What Is a Month-to-Month Tenancy?
A month-to-month tenancy is a periodic tenancy created when the renter is granted possession of the property with no definite expiration date and pays the owner on a monthly basis. This tenancy is most commonly found in residential leases. In situations where there is no written agreement, tenancy is also considered to be on a month-to-month basis.
- Month-to-month tenancy is a periodic tenancy wherein the tenant rents from the owner on a monthly basis.
- This type of tenancy is most commonly found in residential leases.
- Other variations of tenancies found in lease contracts include tenancy for years, tenancy at will, and tenancy at sufferance.
How a Month-to-Month Tenancy Works
Tenancy falls under the real estate laws that cover leases. In legal real estate terminology, a lease is a contract between the owner of a property, also known as the landlord, and a tenant, who rents the property. The lease transfers the owner’s rights to the exclusive possession and use of the property to the tenant for an agreed-upon period.
As anyone who has rented an apartment knows, the lease sets forth the period of time for which the contract is to run and the amount of rent the tenant is contracted to pay. The renter gains access to the property and uses it in whatever manner was agreed upon in the lease. The landlord receives rent for a specified period of time, and after the lease period is up their ownership rights are returned.
Pros and Cons of a Month-to-Month Tenancy
Whether a month-to-month tenancy is advantageous or disadvantageous depends, in part, on a renter’s or landlord’s desire for flexibility and ability to respond quickly to changing circumstances.
- Control over the end date—Renters are not tied down to a long-term lease and can choose to leave with relative impunity, with a maximum of 30 days’ notice. Landlords can choose to end the arrangement with the same impunity, giving them greater control of their property.
- Financial fluidity—Landlords can change the rental amount every month if they wish. Renters can take advantage of a better offer elsewhere in quick fashion.
- Peace of mind—Renters are not stuck having to break a lease or find a sublessee in the event they want to move, either of which could happen if they leave before a long-term lease expires. Landlords can get rid of bad tenants much more easily than with a long-term lease.
- Moving out or replacing a tenant on short notice—Landlords can be stuck with an empty property on short notice. Renters can be forced to find new lodgings on the same short notice.
- Higher rents/less predictable income—Renters generally pay higher rents than with long-term leases, because of the possibility of sudden vacancies that can’t be immediately filled. Landlords can suffer from less predictable income than they would be afforded by a long-term lease.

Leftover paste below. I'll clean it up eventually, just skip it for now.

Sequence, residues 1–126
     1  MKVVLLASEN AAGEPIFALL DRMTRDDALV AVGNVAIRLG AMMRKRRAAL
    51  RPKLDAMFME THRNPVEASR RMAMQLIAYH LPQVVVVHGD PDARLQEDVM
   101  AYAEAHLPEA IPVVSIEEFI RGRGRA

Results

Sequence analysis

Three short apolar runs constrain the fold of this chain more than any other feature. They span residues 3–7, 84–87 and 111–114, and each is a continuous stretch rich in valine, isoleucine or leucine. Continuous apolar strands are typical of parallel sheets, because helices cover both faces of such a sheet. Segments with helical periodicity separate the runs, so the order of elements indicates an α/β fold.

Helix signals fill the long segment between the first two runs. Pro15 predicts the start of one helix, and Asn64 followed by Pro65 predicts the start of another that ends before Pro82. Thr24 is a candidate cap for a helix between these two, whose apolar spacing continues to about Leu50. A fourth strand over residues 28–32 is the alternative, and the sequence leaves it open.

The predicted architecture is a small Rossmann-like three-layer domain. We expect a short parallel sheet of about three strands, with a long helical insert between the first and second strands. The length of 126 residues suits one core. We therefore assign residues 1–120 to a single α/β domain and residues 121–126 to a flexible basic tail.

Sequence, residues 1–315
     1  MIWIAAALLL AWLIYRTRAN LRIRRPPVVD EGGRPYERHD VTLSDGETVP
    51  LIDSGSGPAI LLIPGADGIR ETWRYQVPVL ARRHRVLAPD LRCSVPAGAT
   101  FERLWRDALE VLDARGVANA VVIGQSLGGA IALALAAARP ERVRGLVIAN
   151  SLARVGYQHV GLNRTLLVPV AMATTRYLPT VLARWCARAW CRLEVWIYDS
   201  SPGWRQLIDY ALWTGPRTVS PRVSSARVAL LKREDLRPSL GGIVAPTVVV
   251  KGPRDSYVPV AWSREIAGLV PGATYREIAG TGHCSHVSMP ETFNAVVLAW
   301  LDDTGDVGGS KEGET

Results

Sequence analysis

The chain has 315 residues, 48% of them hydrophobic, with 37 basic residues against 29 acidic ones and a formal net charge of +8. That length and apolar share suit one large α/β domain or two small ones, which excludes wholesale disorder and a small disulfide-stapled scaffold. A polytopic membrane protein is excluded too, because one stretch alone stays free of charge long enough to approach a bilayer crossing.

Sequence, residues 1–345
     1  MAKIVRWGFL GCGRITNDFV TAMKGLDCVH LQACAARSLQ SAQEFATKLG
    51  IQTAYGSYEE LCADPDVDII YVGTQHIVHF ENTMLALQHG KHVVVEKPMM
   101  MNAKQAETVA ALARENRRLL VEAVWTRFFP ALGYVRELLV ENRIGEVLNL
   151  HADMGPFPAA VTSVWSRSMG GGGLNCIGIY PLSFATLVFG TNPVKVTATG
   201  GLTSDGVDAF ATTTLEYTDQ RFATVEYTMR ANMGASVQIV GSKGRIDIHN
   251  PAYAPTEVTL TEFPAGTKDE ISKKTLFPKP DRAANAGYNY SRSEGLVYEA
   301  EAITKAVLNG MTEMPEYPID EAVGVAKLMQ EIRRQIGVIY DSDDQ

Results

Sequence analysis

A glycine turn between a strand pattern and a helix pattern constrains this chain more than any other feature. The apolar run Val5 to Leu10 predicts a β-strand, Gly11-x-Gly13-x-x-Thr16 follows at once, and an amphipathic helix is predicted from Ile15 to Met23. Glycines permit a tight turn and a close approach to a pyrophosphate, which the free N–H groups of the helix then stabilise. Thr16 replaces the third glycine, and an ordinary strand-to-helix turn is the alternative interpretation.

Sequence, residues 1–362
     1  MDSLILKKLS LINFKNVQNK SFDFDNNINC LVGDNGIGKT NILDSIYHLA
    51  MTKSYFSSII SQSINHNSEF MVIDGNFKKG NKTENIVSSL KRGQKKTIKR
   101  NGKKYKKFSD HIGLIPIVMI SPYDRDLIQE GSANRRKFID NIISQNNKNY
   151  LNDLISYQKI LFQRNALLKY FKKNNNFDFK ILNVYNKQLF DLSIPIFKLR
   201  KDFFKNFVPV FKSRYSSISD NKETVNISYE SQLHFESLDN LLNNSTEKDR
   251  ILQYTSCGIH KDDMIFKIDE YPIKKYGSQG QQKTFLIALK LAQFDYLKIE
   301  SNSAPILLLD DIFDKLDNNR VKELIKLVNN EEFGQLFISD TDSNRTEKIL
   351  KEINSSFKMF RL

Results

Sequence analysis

- Uncertainty—Renters cannot be sure of their tenancy beyond the span of one month and so must have a quick move plan always in place. Landlords cannot be sure of a steady supply of tenants willing to live with the instability of a month-to-month tenancy.
Month-to-month tenancy falls under the real estate laws that cover leases.
Different Types of Tenancy
Within the lease contract, the tenant’s legal right to possess the property is deemed the leasehold estate—or tenancy. Depending upon the contract’s language, the following four different tenancies can be established:
Tenancy for years (aka tenancy for term)
This establishes a possession for the tenant that will last for a fixed time period, which could range from days to years. It has a specific starting and ending date, with the latter signifying the expiration of the renter’s tenancy.
This is established when the renter’s possession is contracted for an indefinite period, with no agreed-upon expiration date. The tenancy is originally created for a specific period, but the renter’s tenancy can continue until there is some notification of the lease’s termination. Under the terms of the lease, the contract is automatically renewable until the owner or renter gives a notice to terminate.
Tenancy at will
A tenancy at will gives the renter the right to use the property for an unspecified period. The tenancy continues until the owner or renter gives notice of termination. In the event of either party’s death, the tenancy is terminated.
Tenancy at sufferance
A tenancy at sufferance occurs when the renter, who at one time had established a contractual tenancy, continues to remain in the property without the owner’s consent. This can occur when the renter does not surrender the property after the initial expiration date written into the lease. It usually leads to eviction proceedings being instituted by the owner. If, however, the landlord accepts a rent payment after the lease expiration date, the property is considered to be leased again, but now on a month-to-month basis.